Everyone thinks doctors are rich. Most people, of course, don’t realize that rich doesn’t mean having a high income, but rather a high net worth. They see the average physician salary and just make assumptions about their net worth. But I would argue that despite the many unique issues physicians have to deal with, there is no reason for them not to be rich, eventually. Consider this example: (we’ll do all the calculations in after-inflation dollars)
A physician finishes residency at age 30 and begins earning a salary of $200,000. Since she just went from a salary of $40,000 as a resident, she figures she can easily live on $160,000 and save 20% of her income. She invests this into retirement accounts each year and earns an annualized average after-inflation return of 5% per year, which is very reasonable even in today’s markets. At age 65, her net worth would be $3.6 Million. Given a reasonably safe 4% withdrawal rate from the portfolio, plus another $25,000 a year from social security, she would have an income of $170,000 a year, which would equate to an even better standard of living in retirement than while she was working! Without the extra expenses of a mortgage and child-rearing, she’ll have an extremely comfortable retirement. Other options available to her would be going to part-time work, retiring early, or giving substantial sums to charity.
None of that is hard. So why are so few of our colleagues in that enviable position as they approach the retirement years?
There are a number of reasons, none of which are good, but all of which I am sure have befallen our colleagues.
1) A late start– Non-traditional students might not get out of residency/fellowship until 40 or 50 years old. Losing those first few years of compounding can really make a big impact on the bottom line. This loss can be made up by having a working (and saving) spouse, by working until later in life, by choosing a more highly-paid specialty, or by being more frugal.
3) Inadequate savings– Whether it is lack of financial sophistication, a sense of entitlement, or lack of self-discipline, you cannot invest if you cannot save. Choosing to skip on retirement plan contributions, especially early on when compound interest has plenty of time to work its magic, can devastate a retirement plan. Consider this: One physician saves $50,000 a year for his first 15 years of practice, then saves nothing until he retires 25 years later. ($750,000 total saved) A second physician saves nothing his first 15 years of practice, then saves $75,000 a year for the next 20 years. ($1.5 Million saved) Which one ends up with more money? The physician who saved early ends up with $2.86 million and the late-saving physician, despite saving twice as much of his income, ends up with $383,000 less. The longer you wait until you start saving, the more you need to save. Likewise, saving just 5 or 10% of your income isn’t enough. With savings rates like that, you’ll end up with a much lower standard of living in retirement than while in practice. Another benefit of a high savings rate is that you’re used to living on less money. A doctor earning $200K a year and saving $50K a year only needs 75% of his pre-retirement income to have the same standard of living. A doctor earning $200K a year and only saving $20K a year would need 90% of his pre-retirement income to maintain his standard of living. That will mean more years of work. You should aim to save 15-25% of your income each year you practice. More if you had a late start or want to retire early.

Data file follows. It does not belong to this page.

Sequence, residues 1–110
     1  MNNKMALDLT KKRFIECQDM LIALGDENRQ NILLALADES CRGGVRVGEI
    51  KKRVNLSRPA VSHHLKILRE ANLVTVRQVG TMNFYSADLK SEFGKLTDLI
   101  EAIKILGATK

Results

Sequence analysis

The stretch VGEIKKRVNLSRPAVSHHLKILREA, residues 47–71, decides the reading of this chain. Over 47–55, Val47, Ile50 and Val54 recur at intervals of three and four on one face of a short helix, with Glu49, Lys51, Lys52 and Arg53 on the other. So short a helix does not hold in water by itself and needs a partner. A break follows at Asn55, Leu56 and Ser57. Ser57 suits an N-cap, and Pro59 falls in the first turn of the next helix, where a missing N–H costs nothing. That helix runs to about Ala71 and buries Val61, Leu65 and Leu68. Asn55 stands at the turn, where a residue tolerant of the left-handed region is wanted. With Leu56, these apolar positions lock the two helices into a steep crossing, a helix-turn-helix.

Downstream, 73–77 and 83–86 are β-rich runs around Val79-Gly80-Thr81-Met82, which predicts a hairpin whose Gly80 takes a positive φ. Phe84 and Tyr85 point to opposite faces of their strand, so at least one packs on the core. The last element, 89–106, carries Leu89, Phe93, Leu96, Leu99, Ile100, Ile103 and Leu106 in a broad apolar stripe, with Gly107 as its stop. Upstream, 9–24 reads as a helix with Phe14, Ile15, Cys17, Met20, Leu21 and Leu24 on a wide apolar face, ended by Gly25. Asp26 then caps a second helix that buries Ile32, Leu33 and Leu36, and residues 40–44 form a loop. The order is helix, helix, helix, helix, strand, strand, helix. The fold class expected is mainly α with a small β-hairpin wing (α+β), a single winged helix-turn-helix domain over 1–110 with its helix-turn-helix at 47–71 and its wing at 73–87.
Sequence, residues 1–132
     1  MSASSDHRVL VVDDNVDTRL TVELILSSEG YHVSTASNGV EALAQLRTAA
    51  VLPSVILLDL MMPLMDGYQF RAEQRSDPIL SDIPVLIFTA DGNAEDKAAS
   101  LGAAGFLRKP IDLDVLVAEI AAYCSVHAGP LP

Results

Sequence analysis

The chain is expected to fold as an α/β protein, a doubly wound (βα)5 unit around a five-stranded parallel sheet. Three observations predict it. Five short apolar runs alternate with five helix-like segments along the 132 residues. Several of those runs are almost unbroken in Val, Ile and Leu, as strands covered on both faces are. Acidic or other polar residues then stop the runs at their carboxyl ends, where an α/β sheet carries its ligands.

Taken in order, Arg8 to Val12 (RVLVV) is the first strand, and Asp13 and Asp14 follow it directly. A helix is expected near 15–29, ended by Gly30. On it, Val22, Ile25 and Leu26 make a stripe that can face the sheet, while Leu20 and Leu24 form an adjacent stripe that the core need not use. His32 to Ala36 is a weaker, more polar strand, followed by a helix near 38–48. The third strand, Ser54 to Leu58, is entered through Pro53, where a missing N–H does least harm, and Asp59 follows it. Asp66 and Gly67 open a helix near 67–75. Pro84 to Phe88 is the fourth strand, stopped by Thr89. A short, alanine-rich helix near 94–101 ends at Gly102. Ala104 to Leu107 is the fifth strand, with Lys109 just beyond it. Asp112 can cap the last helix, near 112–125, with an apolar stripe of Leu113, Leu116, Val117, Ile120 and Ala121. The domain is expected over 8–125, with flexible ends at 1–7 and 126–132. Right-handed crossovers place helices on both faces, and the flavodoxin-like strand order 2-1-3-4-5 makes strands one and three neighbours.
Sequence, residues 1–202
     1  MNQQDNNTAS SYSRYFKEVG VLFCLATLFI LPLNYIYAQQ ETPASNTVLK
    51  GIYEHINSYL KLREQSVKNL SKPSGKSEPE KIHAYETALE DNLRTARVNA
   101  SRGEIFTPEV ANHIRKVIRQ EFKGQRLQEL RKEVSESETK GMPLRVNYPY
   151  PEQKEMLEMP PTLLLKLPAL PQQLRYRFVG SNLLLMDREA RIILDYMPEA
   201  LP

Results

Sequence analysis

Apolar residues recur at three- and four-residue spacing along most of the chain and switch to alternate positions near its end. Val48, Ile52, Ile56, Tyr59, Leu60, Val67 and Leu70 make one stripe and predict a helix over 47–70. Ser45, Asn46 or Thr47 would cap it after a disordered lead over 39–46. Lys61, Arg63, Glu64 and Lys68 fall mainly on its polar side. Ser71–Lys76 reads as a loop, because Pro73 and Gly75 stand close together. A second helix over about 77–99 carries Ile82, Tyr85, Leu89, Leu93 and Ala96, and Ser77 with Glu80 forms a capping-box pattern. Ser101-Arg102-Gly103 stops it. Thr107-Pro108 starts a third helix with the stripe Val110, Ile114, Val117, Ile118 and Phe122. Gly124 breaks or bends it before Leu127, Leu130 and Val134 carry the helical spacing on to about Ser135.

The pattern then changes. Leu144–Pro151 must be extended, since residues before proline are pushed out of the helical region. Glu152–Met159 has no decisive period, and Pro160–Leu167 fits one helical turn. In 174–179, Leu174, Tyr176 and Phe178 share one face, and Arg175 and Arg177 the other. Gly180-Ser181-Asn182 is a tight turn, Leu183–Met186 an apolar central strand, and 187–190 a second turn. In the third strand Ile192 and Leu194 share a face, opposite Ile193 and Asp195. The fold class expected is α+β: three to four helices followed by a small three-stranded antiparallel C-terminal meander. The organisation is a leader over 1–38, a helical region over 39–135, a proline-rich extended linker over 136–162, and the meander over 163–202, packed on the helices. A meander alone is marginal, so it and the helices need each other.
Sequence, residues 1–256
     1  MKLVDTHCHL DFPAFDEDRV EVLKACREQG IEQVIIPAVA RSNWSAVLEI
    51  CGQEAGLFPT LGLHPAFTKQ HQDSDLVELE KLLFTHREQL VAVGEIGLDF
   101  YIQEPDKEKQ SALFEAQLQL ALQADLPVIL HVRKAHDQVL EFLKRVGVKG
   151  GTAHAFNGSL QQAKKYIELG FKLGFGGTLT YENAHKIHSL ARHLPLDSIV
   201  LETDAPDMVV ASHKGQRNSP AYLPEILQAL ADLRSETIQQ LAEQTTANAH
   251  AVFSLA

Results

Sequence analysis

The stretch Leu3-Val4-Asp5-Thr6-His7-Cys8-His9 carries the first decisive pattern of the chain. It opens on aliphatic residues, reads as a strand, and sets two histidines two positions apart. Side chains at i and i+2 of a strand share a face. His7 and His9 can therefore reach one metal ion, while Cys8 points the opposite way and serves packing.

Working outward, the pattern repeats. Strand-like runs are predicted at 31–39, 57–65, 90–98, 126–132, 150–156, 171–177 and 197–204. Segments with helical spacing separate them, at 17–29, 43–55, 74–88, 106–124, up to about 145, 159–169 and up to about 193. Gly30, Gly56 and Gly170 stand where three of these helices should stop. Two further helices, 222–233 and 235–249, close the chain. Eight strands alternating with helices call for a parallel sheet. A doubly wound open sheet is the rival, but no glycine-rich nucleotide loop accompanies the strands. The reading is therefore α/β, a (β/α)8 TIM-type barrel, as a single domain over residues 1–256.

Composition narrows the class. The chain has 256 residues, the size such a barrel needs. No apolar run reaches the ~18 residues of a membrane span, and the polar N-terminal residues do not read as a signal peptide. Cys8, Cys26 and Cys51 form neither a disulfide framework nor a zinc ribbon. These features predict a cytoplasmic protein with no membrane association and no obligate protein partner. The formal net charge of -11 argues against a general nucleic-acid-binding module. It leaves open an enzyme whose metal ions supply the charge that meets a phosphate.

5) Inappropriate investment plan– With a high income and a high savings rate, any reasonable investment plan should get the physician investor to his goal. Unfortunately, far too many doctors have inappropriate investment plans. These range from day-trading tech stocks, to huge swings in asset allocation into the asset class with the most impressive recent performance (buying high/selling low), to being overly conservative and leaving money in assets without adequate long-term returns. Getting 5% after-inflation long-term returns is not that hard to do, but without a reasonable investment plan, even that may be asking too much. Compounding doesn’t do any good if it doesn’t happen at a rate significantly higher than inflation.
6) Excessive investment costs– Getting help from a financial adviser can help the physician investor avoid the problems outlined in 5 above, but if done improperly, can introduce a new problem. In investing, you get what you don’t pay for. So if your investment costs are 1%, 2%, or even 3% a year, that comes straight off the top of your return. Costs of 3% a year reduce your after-inflation return of 5% to 2%. After 35 years of saving $50K a year, that’s a difference of $2 Million! That’s more than all the money you saved over those years! Taxes on your investments can have exactly the same effect, so it is important to minimize those as much as possible too.